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which, narrowing as it descends, opens into a large cavern known as Cave's Hole, and, looking down, you see, through the dim green light, the waves rushing and foaming among the rocks below. A south-west wind sends the water up in foaming jets; and it is said that small vessels have been driven into the cavern by stress of weather. All along here the cliffs are worn into deep cavernous hollows; in some places detached masses of rock, quite surrounded by water, show where the roofs have fallen in, leaving the craggy buttresses in the form of rude pillars and arches to bear the shock unsupported. A quarter of an hour farther, and there is Pennsylvania Castle, a spacious mansion built by a former governor of Portland, John Penn, a descendant from the famous Quaker. He did besides what was thought to be an impossibility: he made trees grow, and the grounds are now sheltered by goodly belts of sycamoresa phenomenon where trees are so rare as on the Island. A little beyond, on the top of a projecting cliff; stands a venerable relic, Bow and Arrow Castle, built, as some say, in the reign of Stephen, though others hold its second name, Rufus' Castle, to prove a still earlier date. Whichever it be, the time-worn building is still inhabited, and looks picturesque perched on the beetling precipice. Near by is an ancient churchyard, and if you choose to descend to the undercliff where garden plots are laid out, you will find a steep and rugged path leading down to the beach. Here, seeing the broken condition of the cliffs, and the numerous rocks beneath,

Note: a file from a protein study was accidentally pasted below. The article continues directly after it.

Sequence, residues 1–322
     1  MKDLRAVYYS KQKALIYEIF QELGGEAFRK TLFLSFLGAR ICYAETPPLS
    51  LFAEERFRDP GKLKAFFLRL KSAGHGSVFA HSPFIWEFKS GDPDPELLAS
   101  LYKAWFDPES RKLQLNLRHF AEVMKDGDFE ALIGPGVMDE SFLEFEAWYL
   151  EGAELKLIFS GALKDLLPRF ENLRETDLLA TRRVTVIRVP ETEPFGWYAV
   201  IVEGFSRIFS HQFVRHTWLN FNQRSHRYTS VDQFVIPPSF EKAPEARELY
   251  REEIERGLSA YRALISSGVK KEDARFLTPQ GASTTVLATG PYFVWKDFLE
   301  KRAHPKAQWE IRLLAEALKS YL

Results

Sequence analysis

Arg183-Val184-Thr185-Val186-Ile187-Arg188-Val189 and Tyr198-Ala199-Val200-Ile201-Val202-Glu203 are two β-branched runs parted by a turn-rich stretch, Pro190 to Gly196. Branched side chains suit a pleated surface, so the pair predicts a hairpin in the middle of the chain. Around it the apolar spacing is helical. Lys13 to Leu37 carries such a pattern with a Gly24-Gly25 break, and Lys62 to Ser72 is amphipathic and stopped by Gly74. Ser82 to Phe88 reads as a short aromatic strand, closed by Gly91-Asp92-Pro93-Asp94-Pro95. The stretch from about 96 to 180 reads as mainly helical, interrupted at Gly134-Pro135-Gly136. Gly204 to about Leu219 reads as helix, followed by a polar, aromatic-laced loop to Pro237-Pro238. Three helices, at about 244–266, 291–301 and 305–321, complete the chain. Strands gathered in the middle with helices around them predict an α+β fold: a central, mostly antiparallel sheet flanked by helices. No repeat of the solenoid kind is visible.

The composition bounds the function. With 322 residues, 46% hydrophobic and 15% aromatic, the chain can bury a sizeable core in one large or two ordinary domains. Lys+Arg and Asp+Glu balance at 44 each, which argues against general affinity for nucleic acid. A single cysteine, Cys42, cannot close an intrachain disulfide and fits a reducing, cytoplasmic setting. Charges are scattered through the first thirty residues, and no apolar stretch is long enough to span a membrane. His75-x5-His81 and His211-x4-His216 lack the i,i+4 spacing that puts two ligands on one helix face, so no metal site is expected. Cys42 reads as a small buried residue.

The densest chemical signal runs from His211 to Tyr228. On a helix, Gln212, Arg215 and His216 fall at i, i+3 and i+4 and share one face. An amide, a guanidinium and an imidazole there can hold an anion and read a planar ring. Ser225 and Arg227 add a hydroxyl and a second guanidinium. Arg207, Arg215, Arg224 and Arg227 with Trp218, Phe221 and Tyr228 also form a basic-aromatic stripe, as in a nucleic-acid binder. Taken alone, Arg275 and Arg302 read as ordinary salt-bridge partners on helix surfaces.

you may be led to believe there is more than mere tradition in what the inhabitants say about their Island having been at one time as large again as at present, and that where Pennsylvania Castle now stands was not far from the centre. If true, the destruction on the eastern side has been enormous. On again, and you soon come to the Convict Establishment, protected by its escarpement, within which are the prison and offices, and some sixteen hundred men, nearly all of whom are employed in getting stone for the Breakwater, and in building a strong fort to the north of the Vern Hill. A daily register is kept of each man's work, one effect of which is to rouse a spirit of ambition for a good character for industry. The 210 shoemakers, cooks, and tailors, as shown by the Report for 1853, earned 351. each in the year, and those working at the quarries nearly as much. In the same year there were but eight · deaths from all causes; a proof that the prisoners are not underfed or overworked. Except during the dinnerhour no stranger is permitted to enter without an order from the Secretary of State.
The convict land cuts you off from the cliffs, but skirting its inner border, you may go on till you look down on Castletown, and so complete the tour of the Island. Before leaving the hill, however, step aside to look at the quarries, which, compared with those at the Bill, are stupendous. The narrow ways winding about between precipitous walls and huge mounds of refuse, have something impressive about them. It seemed to
me more than once as I threaded the devious route, that I should come presently to the disinterment of some long-buried city, so much did the cuttings remind me of Mr. Layard's interesting account of his excava